Some questions to ask yourself about in between session contact could include:

  • does the client need it vs. want it?
  • is it time-limited or open-ended?
  • is it specific (for example in the case of emergency, and then what is the definition of emergency)?
  • is it sustainable by the therapist ( I learned early on that I could not function well if I took calls from clients in the middle of the night)?
  • is it serving the purpose of working through the trauma and helping the client develop greater internal capacity for coping or is it reenacting some part of  the trauma triad (victim-perpetrator-rescuer) or gratifying in the moment?
  • is contact being offered by the therapist or requested by the client?
  • what is the client’s developmental level? phase of therapy? experience with boundaries and boundary violations?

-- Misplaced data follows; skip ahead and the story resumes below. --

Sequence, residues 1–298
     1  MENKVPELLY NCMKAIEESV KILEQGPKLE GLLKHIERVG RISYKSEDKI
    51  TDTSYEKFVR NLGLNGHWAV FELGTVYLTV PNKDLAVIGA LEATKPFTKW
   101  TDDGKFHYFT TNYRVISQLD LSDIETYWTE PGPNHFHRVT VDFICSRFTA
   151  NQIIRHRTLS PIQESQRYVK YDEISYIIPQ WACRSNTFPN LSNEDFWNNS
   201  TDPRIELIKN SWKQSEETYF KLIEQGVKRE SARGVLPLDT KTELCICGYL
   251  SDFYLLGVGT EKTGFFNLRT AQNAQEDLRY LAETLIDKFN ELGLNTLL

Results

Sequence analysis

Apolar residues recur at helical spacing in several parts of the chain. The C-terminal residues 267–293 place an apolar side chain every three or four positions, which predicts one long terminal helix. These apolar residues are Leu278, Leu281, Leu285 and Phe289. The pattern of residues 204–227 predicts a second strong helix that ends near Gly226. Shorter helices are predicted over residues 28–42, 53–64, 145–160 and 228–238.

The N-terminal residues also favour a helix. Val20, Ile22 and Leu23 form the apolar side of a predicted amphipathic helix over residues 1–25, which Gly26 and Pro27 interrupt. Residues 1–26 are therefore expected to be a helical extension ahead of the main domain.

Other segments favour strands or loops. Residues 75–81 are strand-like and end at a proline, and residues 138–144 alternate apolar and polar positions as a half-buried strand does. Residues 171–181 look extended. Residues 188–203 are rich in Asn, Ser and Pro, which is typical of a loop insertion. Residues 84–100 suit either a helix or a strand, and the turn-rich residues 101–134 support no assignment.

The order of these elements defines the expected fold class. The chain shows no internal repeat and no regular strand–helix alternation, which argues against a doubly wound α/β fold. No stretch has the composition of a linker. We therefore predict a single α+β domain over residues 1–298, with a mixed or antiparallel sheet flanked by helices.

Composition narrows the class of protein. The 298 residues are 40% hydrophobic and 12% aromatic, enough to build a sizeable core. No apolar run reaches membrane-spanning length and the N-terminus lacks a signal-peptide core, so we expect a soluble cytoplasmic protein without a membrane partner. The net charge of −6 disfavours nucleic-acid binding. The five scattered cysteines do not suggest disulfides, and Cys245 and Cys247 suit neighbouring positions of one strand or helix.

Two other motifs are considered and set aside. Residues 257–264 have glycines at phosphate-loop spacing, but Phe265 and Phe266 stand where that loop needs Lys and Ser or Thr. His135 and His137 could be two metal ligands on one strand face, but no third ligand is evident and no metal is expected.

• does the client have “parts” or dissociated aspects of self? what is the meaning of extra contact to all parts of the client? is it possible to know that at this point in time?

My approach when in doubt, is to err on the side of caution, or the side of stricter boundaries. When it happens, I do believe it is important to be specific about the nature of in between session contact: the form of contact, duration of time, what the client can expect from you during the contact, and whether fees will apply. Exploring the request for (or offer of) extra contact and the meaning of this then becomes another part of the therapy process, or, as we therapist like to say, “it’s all grist for the mill”.